Kopperud argues that spending money on social programs and counselors often results in dramatic attendance improvement, but he admits that when budget reductions are made, those same services are likely to be the first to go, such as is now the case in San Diego. "A lot of districts, when they have to cut back services, well, where do they cut them back? They cut them back from attendance supervisors, from counselors, from school nurses, from school psychologists, from social workers.
"Because a lot of the philosophy out there is, 'that's not instruction, and our primary obligation is to provide a teacher and curriculum, and this other stuff is secondary.' And so when they have to decide where they are going to cut, that's often where they cut, from student support services.
"But those student support services are critical in some school districts because the kids have non-academic barriers to success, and until you do something to alleviate the nonacademic barriers to success, you are never going to go as far as you could academically."
Kopperud points to Sacramento for what he calls a shining example of success. "They went from having three student-outreach workers to having 29 student-outreach workers. Their actual attendance improved in all grade levels. In kindergarten through 6th grade it was 93.69 percent, and it went to 94.9 percent. In 7th through 8th grades, it was 91.90 and it improved to 93.76. And in 9th through 12th it went from 89.25 to 90.95."
San Diego Unified's four-year-old "Targeted Truancy and Public Safety Program" was a similar attempt to deal with student absenteeism using various social services. But it was quietly dismantled this spring. Originally funded by a state grant, the district had assumed full financial responsibility for the $250,000 program this year. According to a school-district source, who requested not to be named, the program had been doing well, but administrators were not supportive and needed the money elsewhere.
"The targeted truancy program was one that provided intensive services to parents and kids," says the source. "They made a lot of home visits. For example, one parent had a huge tumor on her neck, and it was cancerous, and the parent didn't have any insurance. So they found doctors to do the surgery for free, and it helped and benefited that parent.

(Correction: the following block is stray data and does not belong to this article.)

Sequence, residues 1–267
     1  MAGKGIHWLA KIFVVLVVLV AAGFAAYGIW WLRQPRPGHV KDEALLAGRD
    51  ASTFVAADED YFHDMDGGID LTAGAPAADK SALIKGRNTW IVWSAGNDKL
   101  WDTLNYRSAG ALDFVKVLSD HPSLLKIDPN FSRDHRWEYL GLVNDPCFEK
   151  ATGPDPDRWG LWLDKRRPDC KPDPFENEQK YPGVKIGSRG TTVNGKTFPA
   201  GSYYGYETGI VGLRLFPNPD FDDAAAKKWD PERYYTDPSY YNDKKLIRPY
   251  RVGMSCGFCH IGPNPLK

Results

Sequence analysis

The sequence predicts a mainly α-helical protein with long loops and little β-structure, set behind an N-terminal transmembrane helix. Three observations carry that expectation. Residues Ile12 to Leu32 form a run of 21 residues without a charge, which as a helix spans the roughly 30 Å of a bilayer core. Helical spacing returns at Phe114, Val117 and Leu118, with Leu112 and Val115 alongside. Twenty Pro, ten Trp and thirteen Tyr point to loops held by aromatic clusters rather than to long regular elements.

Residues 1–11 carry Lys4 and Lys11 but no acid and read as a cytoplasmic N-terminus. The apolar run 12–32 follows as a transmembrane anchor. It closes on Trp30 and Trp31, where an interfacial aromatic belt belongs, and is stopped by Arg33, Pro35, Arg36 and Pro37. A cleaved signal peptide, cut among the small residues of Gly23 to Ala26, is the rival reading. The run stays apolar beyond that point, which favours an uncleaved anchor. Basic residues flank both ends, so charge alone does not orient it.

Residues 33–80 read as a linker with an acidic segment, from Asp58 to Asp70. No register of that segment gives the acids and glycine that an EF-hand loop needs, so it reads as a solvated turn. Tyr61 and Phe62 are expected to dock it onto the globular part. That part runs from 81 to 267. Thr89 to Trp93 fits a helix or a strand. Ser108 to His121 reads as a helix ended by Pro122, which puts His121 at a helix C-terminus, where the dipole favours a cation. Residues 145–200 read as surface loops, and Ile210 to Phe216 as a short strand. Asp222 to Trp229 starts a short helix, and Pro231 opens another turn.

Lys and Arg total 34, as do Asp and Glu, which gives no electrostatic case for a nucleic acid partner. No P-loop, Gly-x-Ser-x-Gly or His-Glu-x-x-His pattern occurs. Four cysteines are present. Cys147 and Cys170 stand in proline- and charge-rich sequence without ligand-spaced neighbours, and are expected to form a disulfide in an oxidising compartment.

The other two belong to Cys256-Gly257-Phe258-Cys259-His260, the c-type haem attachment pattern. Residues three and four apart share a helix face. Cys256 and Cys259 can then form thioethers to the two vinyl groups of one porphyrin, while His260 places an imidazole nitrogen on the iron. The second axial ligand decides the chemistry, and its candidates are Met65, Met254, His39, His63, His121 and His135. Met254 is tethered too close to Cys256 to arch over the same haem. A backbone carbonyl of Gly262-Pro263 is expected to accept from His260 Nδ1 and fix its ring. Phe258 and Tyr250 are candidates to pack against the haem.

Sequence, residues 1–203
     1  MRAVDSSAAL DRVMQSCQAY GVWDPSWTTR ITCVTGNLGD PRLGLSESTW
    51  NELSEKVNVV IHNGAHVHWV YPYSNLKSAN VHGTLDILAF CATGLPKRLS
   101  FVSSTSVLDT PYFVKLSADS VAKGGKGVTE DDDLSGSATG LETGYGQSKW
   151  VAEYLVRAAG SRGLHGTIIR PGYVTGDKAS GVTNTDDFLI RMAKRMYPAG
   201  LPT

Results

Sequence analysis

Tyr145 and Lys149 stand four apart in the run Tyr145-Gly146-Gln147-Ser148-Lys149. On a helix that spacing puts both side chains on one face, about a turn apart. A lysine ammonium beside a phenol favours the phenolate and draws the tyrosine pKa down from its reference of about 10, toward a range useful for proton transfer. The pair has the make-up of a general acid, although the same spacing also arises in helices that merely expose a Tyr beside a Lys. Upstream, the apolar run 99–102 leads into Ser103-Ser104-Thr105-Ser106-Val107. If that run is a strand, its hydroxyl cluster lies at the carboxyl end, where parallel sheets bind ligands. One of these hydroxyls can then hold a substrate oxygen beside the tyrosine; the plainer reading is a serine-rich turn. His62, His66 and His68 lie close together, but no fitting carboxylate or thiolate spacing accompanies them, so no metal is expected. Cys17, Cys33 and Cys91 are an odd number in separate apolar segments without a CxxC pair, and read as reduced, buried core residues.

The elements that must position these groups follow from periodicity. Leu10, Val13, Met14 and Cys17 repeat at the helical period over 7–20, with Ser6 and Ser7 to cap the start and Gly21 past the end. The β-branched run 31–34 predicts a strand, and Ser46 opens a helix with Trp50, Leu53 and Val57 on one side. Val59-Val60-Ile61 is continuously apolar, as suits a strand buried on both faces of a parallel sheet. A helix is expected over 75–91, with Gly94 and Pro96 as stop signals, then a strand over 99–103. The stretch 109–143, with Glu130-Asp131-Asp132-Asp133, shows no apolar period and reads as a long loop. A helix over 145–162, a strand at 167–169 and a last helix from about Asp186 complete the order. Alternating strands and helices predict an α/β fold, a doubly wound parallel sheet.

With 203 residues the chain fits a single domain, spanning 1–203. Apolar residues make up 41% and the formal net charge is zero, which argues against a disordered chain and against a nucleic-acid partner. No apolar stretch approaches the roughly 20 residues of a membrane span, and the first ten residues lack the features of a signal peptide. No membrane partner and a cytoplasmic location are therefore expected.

"Just recently they helped somebody locate housing and helped them move into that housing. We've had families that had been living in the back of U-Haul vans that they've been working with to try to get housing. If a child has some placement issues in schools, they would help with that, to make sure that the child is in the appropriate place for education.
"They provided intensive services where they saw these families weekly and sometimes daily. We had one case where a counselor who was assigned to the kid would meet them every morning on the corner and pick them up and take them to school. So he would get to school six weeks straight and then try to ease them into taking public transportation. Now that's all gone."
Program staffers, already reeling from the loss of their jobs, were taken aback by the district's sudden truancy sweep, says this source. "I have no idea where that came from. When you are dealing with complex issues, you have to deal with what those issues are. Just having a sweep is not going to make that go away. I have not heard anything about the attendance rates falling -- I'm in the dark on those numbers -- but I wouldn't be surprised. Right now, we're starting to get more referrals of cases into the school-attendance review board. We're getting a lot more of those cases, so it wouldn't surprise me that attendance rates are down."
No one at the district, according to the source, was privy to the details of the truancy raid, not even the staff of the school-attendance review board. "We weren't involved in that. The only thing I know was that the city attorney looked at bench warrants, and they decided they wanted to have a bench-warrant sweep, so I learned about it the day before it was going to happen. I don't know what motivated them to do it.
"I would guess, we've had a lot of changes in our district. Those may have some impact on students and whether or not they continue school or not. There is a lot of stress on them. I don't know how many kids are going to summer school, and all those things, and whether or not they are showing up. Those are things we are going to have to go and look at.
"But look, if the kid doesn't have shoes and they don't have clothes, then you gotta get shoes and clothes if that's the issue that's keeping them from school. If they don't have food, then you gotta figure out how to help them be able to have food. If it's transportation, then you gotta deal with the transportation issue.
"If there is a cultural issue -- as we find sometimes when we look at immigrants coming into the country and the child becoming more Americanized, and the child not speaking the language of the parent or not wanting to follow traditional values that the parent might have -- that causes some conflict, and so you have to deal with those conflicts.
"If the issues are with drugs and alcohol in the home, then you have to deal with that, whether that's the parent or the kid. We've had families where illness was an issue, where depression was an issue, or where the parent is dying of AIDS or some other disease, and the child is afraid to leave that parent to go to school because they don't know if that parent is going to be there when they get back. That means you need to deal with hospice and try and get some other agencies involved. So I think it's a lot of collaboration with many community agencies. I don't think the schools can do it all themselves."